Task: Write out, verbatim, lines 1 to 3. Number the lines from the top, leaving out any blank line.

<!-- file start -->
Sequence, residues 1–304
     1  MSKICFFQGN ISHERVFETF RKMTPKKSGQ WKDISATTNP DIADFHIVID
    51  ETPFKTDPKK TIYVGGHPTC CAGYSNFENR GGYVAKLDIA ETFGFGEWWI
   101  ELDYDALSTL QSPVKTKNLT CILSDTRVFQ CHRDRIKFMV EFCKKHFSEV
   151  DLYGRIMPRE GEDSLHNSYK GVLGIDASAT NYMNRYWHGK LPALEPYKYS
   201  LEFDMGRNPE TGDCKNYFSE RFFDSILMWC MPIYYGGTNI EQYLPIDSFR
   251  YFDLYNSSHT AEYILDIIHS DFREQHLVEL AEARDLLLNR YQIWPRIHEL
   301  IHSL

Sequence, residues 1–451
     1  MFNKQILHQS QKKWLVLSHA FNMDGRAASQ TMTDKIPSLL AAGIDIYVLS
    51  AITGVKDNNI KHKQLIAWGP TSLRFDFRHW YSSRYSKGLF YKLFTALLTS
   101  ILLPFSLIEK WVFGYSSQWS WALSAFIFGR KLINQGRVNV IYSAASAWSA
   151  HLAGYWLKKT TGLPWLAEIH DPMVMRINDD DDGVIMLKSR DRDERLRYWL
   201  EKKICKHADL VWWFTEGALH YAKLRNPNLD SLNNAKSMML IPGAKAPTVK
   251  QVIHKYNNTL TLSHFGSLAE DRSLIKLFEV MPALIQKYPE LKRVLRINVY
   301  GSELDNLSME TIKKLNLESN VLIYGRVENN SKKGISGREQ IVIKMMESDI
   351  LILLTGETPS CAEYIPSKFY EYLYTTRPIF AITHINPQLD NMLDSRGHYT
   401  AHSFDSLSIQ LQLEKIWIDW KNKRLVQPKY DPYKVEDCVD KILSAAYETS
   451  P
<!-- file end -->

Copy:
Sequence, residues 1–304
     1  MSKICFFQGN ISHERVFETF RKMTPKKSGQ WKDISATTNP DIADFHIVID
    51  ETPFKTDPKK TIYVGGHPTC CAGYSNFENR GGYVAKLDIA ETFGFGEWWI